KUST and STAR are pairing up to bring a night of magic and alternative music to Scooter’s Thursday, Dec. 11.
The event is free for students and begins at 6 p.m. with a magic performance by St. Thomas alumnus and professional magician Matt Dunn. The show continues with performances by the Johnson Twins, Peter Wolf Crier and headlining band Halloween, Alaska.
KUST Promotions Director Matt Lichtfuss said this is the second time KUST has paired up with STAR for an on-campus concert.
“We put on a concert last spring … It turned out to be a huge success,” Lichtfuss said. “It showed us that there is a market for this kind of music on campus. Not everyone wants to hear Eric Hutchinson and Michelle Branch.”
According to STAR President Sandy Moran, KUST is organizing and promoting the event while STAR is funding 60 percent of the total cost.
“They are going to have different bands that a lot of people like,” Moran said. “I think it’s going to be a good event.”
Dunn graduated from St. Thomas in 2005 with a degree in entrepreneurship. According to his Web site, Dunn has been performing magic since he was 6 years old and has performed thousands of shows, including the Minnesota Twins end-of-season dinner.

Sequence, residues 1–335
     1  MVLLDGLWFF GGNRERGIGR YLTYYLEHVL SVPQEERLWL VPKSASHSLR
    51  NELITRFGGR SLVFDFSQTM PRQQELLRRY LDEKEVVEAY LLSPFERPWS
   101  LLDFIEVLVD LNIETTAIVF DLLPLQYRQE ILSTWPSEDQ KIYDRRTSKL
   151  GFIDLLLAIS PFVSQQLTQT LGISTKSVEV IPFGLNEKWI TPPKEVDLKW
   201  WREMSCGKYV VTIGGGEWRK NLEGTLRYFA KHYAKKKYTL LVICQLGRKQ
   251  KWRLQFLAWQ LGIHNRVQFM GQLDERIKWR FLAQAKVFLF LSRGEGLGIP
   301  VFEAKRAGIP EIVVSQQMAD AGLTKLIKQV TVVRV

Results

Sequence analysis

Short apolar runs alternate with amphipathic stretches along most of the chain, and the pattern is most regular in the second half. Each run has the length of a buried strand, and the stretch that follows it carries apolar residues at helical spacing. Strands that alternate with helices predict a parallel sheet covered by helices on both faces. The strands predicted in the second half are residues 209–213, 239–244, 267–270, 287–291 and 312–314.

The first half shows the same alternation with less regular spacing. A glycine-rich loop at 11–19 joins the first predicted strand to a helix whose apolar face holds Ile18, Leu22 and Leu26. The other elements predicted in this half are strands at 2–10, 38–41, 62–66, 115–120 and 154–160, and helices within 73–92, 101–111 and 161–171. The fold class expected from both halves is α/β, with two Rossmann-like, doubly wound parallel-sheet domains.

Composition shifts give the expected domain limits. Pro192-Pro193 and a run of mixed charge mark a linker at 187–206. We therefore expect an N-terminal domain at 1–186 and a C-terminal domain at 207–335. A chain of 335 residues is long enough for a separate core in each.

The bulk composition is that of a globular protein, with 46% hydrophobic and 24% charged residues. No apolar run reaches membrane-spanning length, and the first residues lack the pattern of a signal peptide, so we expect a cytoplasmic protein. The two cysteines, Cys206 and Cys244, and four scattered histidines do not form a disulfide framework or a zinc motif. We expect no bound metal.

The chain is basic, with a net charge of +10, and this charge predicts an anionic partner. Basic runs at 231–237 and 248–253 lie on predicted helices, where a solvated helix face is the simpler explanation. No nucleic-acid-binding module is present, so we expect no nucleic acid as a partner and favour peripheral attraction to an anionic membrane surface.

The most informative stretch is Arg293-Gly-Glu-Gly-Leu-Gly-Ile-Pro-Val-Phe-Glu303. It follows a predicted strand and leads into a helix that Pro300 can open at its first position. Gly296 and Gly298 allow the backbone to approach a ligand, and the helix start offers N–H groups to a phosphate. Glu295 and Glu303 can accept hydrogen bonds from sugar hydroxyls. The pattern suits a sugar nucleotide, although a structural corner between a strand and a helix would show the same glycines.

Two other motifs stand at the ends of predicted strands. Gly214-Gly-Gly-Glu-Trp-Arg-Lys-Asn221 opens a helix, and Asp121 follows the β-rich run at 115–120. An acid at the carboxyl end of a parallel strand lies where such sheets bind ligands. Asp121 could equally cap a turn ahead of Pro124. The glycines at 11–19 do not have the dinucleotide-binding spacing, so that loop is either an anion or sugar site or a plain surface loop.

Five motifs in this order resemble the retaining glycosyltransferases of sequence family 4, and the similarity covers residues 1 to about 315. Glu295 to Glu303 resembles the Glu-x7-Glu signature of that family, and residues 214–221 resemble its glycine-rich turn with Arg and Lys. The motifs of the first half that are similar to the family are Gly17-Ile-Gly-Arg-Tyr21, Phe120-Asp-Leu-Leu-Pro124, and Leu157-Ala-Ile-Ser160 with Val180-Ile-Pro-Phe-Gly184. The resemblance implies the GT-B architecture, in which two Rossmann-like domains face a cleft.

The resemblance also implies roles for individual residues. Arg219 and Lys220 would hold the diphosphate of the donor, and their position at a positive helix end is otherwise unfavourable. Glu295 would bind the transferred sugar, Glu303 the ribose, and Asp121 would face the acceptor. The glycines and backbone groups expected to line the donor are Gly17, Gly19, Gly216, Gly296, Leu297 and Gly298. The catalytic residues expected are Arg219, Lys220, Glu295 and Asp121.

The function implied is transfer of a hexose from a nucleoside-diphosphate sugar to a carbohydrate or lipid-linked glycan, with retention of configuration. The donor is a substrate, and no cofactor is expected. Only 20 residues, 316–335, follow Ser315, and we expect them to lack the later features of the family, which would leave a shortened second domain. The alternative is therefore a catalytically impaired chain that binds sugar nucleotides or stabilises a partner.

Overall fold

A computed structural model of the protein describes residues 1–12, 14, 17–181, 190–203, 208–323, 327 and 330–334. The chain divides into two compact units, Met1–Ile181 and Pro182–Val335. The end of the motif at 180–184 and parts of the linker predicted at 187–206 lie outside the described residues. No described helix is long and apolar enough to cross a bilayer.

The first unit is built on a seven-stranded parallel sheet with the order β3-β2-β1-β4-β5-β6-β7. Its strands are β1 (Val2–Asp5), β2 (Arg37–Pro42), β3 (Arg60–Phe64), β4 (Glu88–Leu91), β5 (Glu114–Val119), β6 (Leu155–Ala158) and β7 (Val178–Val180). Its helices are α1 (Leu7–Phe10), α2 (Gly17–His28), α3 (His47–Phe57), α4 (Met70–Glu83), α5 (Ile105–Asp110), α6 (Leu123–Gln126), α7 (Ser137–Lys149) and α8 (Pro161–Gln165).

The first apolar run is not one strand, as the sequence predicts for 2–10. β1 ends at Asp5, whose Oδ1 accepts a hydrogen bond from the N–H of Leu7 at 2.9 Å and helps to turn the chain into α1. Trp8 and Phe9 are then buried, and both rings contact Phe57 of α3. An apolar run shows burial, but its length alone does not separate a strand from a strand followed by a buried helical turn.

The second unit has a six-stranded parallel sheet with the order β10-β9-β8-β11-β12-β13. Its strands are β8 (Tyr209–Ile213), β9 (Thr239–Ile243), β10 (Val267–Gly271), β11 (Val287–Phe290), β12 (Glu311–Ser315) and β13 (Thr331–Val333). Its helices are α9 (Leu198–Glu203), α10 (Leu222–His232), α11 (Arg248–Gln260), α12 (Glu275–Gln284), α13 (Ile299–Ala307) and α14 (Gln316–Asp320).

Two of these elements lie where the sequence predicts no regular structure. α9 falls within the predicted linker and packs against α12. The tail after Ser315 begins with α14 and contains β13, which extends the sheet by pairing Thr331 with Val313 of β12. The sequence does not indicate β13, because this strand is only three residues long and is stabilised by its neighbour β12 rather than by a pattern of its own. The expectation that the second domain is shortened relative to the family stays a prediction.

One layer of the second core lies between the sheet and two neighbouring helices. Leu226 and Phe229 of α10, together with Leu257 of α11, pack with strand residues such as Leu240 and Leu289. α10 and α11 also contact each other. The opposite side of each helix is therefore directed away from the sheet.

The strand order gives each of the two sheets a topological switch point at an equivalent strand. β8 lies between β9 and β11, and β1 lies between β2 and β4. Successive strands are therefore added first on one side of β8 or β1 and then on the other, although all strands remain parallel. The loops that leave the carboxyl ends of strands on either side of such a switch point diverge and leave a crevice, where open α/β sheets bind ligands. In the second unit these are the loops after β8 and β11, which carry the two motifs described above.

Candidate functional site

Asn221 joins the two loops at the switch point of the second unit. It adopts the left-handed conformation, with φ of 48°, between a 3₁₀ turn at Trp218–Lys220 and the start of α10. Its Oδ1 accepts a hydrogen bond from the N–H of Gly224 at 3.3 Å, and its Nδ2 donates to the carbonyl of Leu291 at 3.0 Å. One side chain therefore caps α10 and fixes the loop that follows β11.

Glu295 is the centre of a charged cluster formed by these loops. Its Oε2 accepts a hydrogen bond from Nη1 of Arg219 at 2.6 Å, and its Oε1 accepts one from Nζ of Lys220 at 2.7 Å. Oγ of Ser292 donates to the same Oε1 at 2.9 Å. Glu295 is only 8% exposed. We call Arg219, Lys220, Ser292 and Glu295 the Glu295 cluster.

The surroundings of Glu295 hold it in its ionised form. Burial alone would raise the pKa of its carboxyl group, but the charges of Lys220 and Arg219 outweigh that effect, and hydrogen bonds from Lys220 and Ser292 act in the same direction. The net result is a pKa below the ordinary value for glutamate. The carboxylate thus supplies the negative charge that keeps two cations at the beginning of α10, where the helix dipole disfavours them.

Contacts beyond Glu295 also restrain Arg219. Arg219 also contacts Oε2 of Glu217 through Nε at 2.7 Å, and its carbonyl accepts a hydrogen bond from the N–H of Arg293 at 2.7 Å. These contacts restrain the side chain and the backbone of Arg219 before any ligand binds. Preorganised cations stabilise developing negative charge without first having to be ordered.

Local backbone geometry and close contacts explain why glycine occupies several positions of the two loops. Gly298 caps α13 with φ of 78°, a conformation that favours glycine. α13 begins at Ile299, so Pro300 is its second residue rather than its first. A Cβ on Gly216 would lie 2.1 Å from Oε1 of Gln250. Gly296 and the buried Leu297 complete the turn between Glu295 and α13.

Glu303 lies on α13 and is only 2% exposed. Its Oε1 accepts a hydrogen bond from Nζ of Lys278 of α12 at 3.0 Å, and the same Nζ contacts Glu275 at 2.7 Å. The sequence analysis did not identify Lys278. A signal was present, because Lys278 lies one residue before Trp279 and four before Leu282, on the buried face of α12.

The Johnson Twins play next, and fittingly, feature twins Patrick and Sam Johnson. The twins share singing duties, with Patrick on the violin and Sam on the accordion and bass guitar. Sara Horishnyk rounds out the group on percussion.
Peter Wolf Crier is next in the lineup with the indie/soul duo of Peter Pisano and Brian Moen. Guitarist/vocalist Pisano of The Wars of 1812 and drummer Moen of Laarks are fast emerging as one of the quality alternative bands in the Twin Cities.
Halloween, Alaska is a Minnesota-based electronic pop-rock band that will headline the show with an hour-long set. The band consists of James Diers (vocals/keyboard/guitar), Jacob Hanson (vocals/keyboard/guitar), David King (acoustic and electric drums) and Bill Shaw (bass guitar).
Lichtfuss said the event will showcase KUST’s identity as a college 200 radio station and pave the way for more concerts on-campus.
“It kind of fits what we are as a station, what we represent,” Lichtfuss said. “We’re a little counter-cultural, a little underground – alternative to what the mainstream is. [The event] is combining a couple things to create a unique experience.
“We’ve come a long way from where we were when we started. Hopefully we can continue to bring in performances on campus and be the ‘go-to people’ for having a finger on what is good music … When music is on campus, people should think KUST.”
Brent Fischer can be reached at email@example.com